How to Win at Office Politics Without Selling Your Soul
You’d like to think you can succeed in the workplace purely on your merits. In some offices you can, but in many others, you must know how to play the game.
You’ve probably heard it said that in order to succeed in some careers, you have to “play the game.” In other words, you have to learn to deal with office politics. While that may be true to an extent, it doesn’t mean you have to put aside your morals and ethics and play dirty in order to climb the corporate ladder.
Instead, it’s more about understanding the dynamics of your organization so you can take the high road toward your own advancement.
Unfortunately, politics exist in every company of every size. It’s just a matter of the severity of the issues. Workplace politics may be more evident in mid-to-large companies, however, because there are more people competing for resources or visibility.
While there’s nothing wrong with a little friendly competition between colleagues, being drawn into intense political posturing can compromise your values and be bad for the company. This is how to manage tricky office politics without getting in over your head.
Examples of Office Politics
Although office politics appears in many ways, at its core, it’s about people vying for more power, more prestige, and more money. Sometimes people feel justified or rational in their behavior because they believe it will be best for the organization, he adds, but ultimately, company politics breeds distrust and suspicion throughout the organization. This hinders innovation and collaboration, which will crush any company’s plans for growth.
Here are a couple of examples of office politics in action:
There’s an obvious “cool kids” club. In some companies, there are in-groups and out-groups, departments that the boss favors over others. When someone outside of the in-crowd proposes an idea, it is dismissed without anybody giving it much thought. But whenever the boss’ favorite employee offers an idea—even if it’s very similar to something previously proposed by someone else—it is taken into consideration and given credence.
People try to form alliances. Another sign of office politics at play is when someone provides an opinion about something office related and then tries to make it your opinion, too. It would sound something like “You know Alice is a really good employee, but I think Jen would make a better manager. Don’t you think?”
There’s a lot of sucking up and undercutting going on. Say two managers are vying for lead on a project. Both will attempt to influence the boss by way of flattery and manipulation. They may even turn on each other if they get desperate.
How to Play the Politics Game
When it comes to workplace politics, you don’t need to exploit work relationships for your own self-interest to get ahead. But it is smart to engage with others and try to earn their trust and exert influence—that’s how true leaders grow. Here are some aboveboard strategies for earning political clout without compromising your integrity.
Keep Your Eye on the Prize
Suppose you have a brilliant idea and your goal is to simply see it come to fruition. This is where collaborating with an “in-group” colleague can work in your favor if you’re willing to give up a portion of the spotlight. Sharing credit for an idea with a colleague boosts the likelihood of it being acted upon.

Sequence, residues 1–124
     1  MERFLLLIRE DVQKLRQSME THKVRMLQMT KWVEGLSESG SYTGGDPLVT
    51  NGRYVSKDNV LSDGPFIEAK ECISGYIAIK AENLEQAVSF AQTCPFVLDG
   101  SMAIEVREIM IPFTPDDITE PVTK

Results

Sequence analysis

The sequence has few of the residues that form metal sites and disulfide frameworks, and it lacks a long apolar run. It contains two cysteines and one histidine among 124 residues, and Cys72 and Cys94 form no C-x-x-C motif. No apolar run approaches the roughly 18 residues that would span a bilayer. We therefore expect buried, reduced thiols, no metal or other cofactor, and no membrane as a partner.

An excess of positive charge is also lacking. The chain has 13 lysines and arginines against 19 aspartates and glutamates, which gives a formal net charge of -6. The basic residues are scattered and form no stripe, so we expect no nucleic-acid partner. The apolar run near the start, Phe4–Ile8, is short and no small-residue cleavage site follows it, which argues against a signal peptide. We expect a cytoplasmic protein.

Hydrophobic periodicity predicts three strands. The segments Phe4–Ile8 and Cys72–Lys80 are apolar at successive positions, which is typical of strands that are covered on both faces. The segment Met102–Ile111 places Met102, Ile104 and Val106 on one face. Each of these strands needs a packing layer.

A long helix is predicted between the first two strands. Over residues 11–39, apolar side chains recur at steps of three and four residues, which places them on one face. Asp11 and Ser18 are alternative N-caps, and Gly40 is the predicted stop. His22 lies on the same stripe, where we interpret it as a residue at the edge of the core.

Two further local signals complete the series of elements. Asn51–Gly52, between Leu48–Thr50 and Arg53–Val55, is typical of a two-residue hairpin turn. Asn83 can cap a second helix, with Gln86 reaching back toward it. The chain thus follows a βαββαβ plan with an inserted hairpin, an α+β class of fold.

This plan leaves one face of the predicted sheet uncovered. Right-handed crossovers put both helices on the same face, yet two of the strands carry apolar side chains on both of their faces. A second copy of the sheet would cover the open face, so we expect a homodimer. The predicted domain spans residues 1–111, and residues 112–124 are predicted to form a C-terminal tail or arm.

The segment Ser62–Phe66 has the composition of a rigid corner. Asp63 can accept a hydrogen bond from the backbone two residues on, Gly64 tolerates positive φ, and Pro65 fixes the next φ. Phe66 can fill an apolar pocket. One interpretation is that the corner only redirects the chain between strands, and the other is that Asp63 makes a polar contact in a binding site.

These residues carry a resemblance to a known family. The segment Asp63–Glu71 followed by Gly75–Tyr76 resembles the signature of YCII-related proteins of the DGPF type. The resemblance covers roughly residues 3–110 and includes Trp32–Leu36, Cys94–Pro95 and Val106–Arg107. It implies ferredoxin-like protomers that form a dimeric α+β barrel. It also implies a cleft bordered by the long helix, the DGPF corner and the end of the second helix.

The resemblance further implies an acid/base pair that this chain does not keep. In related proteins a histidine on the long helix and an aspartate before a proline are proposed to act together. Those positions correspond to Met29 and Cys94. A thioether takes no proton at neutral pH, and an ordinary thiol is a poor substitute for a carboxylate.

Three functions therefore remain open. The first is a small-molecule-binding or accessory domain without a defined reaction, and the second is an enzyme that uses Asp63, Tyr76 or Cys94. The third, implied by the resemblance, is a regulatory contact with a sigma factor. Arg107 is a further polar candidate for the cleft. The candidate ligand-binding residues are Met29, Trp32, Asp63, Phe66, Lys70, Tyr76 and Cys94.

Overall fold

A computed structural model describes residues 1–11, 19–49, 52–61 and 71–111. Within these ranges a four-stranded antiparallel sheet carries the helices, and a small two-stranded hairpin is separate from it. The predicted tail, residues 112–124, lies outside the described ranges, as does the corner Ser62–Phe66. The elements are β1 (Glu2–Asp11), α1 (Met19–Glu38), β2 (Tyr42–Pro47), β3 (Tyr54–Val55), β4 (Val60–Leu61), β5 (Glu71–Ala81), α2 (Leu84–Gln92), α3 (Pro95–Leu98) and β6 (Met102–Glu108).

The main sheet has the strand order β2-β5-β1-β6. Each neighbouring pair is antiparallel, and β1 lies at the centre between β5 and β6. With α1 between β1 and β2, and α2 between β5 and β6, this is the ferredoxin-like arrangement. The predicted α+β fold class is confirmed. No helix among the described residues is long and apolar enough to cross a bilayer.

Be like Switzerland
Say a colleague slips into your office, acts as though you’re his confidant, and tries to ask for your allegiance in some way. Avoid taking the bait by maintaining impartiality, or even carefully changing the subject. In many situations, the best course of action is to deflect. Say something like, “I’ve just been so focused on this project I haven’t had time to think about other things. Have you ever dealt with a project like this?”
Call It Out
When there are underhanded office politics at play, sometimes it might be worth bringing the situation to light. Going back to the situation with the power-hungry managers, the company executives may ask each manager to put together a six-month plan of how their teams will utilize the new space, with cost estimates and revenue projections. This can help end any undermining efforts and instead encourage team members to earn what they want instead of leveraging political clout.
Look for the Warning Signs
Although some corporations are making transparency and ethics a priority, backroom office politics will probably never go away completely. By doing your part to avoid fueling them, however, you can forge forward without selling out. So if you’re a job seeker who’s trying to get away from all the politics of past jobs, a little sleuthing can help you figure out if a prospective employer plays politics. Try these tactics:
Brush up on company history. Read online reviews to get a sense of how current employees feel about their employer. Use corporate “about us” pages to figure out how the management team rose to power. If the VP worked there for 10 years in various roles before rising to the leadership position, their rise was likely merit-based. However, if the VP landed that position unbelievably quickly, it could be a sign that they played politics to get there.
Be straightforward. If you get called for an interview, ask multiple people about the culture. Ask what gets rewarded and who gets promoted. Are rules enforced consistently? Are favors traded when you need to get things done?
When You’re Ready to Stop Playing and Start Working
If you’re stuck in a workplace that’s sabotaging its success with too much office politics, the chances of you getting noticed for your achievements are likely slim. Want to find a new job but not sure of the next step? Start by making a Monster profile. It’s free and easy and can help you connect with recruiters in your industry. Additionally, you can get job alerts, career advice, and much more.